Mike Beebe Focuses on Budget as Final Year Approaches

by Andrew DeMillo, The Associated Press  on Wednesday, Jan. 1, 2014 3:39 pm  

Gov. Mike Beebe (Photo by Russ Powell)

Republicans who opposed the plan have vowed to push for its defunding during the fiscal session, with some GOP lawmakers who supported the private option facing primary challenges. In the lead up to the session, Beebe has been using his public appearances and speeches to call on lawmakers to continue funding the private option. He's also warned that the tax cut package lawmakers approved was based partly on the savings the state expected to see by hospitals' uncompensated care costs being reduced because of the expanded coverage.

Beebe said the comments don't reflect an increased worry about the private option failing, but reflects how difficult of a vote threshold the plan faces.

"Any time you've got a three-fourths vote, you're always concerned," Beebe said. "But I really don't anticipate people going the other way, but you know me, I'm always conservative and I'm always cautious."

For Beebe, 2014 could also mark the first step toward delivering on his campaign promise to phase out nearly all of the state's sales tax on groceries. Beebe signed into law legislation that would cut all but the constitutionally mandated 1/8 cent conservation tax from groceries if the state's bond obligations or desegregation payments to Little Rock area schools decrease by $35 million over a six-month period. Beebe has successfully pushed for cutting the grocery tax from 6 percent when he took office in 2007 to 1.5 percent.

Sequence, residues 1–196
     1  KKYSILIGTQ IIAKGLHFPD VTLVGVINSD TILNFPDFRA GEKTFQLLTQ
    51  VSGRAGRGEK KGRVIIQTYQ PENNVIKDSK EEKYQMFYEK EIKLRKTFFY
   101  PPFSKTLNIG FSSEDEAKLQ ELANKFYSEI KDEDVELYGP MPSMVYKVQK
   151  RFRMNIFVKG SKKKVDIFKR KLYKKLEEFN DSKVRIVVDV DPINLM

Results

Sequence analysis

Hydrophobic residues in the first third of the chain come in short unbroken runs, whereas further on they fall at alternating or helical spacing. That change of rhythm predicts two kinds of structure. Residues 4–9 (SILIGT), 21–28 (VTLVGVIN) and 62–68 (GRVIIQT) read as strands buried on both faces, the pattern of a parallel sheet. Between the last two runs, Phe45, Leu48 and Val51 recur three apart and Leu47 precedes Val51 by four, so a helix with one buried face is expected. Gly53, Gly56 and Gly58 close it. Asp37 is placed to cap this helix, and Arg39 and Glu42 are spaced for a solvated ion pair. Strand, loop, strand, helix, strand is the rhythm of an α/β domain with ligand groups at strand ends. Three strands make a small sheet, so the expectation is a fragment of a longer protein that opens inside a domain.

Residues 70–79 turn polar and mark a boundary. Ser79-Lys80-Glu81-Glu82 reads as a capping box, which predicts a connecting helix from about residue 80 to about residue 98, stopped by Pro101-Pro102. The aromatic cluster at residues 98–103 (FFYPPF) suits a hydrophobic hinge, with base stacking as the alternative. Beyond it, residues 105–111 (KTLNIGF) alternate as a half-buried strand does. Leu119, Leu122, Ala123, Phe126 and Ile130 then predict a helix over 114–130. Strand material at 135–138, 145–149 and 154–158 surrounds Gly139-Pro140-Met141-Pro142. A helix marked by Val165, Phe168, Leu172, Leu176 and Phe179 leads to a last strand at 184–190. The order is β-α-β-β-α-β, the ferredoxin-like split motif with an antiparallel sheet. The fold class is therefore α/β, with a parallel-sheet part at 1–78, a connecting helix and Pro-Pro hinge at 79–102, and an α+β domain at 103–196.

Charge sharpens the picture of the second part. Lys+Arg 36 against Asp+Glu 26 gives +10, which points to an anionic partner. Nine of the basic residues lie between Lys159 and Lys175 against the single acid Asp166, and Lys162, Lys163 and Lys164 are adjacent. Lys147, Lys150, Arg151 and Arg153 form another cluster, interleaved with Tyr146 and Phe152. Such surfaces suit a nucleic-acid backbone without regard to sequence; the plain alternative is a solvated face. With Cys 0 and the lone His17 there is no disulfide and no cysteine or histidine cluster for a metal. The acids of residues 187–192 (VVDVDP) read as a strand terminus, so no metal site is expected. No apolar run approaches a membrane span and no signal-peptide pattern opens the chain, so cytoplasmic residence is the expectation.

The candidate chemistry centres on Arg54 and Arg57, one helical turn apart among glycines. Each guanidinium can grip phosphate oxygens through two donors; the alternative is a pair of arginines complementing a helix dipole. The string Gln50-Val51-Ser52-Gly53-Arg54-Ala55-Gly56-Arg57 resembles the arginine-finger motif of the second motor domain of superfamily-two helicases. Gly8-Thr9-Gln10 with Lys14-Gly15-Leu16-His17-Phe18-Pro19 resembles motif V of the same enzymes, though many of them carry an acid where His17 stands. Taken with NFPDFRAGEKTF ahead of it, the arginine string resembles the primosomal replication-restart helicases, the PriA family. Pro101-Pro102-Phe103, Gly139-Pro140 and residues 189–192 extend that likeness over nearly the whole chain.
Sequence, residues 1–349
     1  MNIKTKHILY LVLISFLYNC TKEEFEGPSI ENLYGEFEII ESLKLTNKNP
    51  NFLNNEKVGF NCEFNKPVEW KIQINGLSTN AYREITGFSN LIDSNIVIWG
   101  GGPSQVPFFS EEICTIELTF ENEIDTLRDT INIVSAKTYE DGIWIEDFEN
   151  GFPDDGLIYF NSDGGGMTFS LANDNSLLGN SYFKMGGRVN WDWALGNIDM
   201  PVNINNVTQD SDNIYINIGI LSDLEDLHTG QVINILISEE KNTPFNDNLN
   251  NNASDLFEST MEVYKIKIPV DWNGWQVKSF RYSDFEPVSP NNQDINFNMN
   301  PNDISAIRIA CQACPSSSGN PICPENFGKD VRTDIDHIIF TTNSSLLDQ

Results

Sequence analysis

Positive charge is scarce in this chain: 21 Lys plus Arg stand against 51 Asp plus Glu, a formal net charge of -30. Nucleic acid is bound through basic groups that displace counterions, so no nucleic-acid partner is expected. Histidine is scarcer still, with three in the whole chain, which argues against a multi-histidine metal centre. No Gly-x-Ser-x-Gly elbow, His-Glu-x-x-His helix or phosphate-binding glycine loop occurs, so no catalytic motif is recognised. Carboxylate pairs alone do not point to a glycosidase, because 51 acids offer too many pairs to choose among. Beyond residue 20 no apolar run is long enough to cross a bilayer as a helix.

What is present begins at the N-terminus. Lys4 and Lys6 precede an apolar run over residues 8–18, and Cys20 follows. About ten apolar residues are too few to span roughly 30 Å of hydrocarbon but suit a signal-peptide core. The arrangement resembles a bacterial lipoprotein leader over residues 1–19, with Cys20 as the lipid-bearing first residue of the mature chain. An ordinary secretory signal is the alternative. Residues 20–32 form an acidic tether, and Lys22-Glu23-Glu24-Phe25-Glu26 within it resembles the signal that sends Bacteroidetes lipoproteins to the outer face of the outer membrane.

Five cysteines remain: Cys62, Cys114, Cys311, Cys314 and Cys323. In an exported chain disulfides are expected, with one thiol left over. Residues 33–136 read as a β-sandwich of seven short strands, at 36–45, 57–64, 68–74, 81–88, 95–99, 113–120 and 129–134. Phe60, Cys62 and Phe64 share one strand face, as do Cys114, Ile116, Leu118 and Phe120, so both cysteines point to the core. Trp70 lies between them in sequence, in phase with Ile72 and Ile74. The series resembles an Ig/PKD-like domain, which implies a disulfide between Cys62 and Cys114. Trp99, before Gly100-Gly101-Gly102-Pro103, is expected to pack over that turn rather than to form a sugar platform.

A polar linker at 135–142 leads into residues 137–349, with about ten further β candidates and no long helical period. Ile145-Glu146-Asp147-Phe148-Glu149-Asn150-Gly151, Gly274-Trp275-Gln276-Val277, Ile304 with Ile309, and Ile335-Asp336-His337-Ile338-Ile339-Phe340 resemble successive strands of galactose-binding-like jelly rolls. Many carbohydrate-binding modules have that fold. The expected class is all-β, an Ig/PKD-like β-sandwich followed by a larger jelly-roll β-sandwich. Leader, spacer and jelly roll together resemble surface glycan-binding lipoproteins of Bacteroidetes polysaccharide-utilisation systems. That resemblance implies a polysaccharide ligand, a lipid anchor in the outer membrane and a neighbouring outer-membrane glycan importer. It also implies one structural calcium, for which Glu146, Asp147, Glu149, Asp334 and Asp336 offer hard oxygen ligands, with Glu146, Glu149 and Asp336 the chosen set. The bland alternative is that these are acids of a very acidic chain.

A federal judge in January will decide whether to approve an agreement between the state and the three districts to phase out the funding after the 2017-18 school year. Beebe said he's fairly confident the plan will win that approval.

Beebe said he proposed the triggered tax cut approach because he believed a judge would eventually end the desegregation payments, not necessarily because he thought an agreement would be reached.

"Either one, it's worked, and we need to keep doing it. Or two, it hasn't worked, so we don't need to keep doing it. Take your pick," Beebe said. "It coming to an end, I think, that's money now that will go back into the pockets of Arkansans by doing the rest of the grocery tax."

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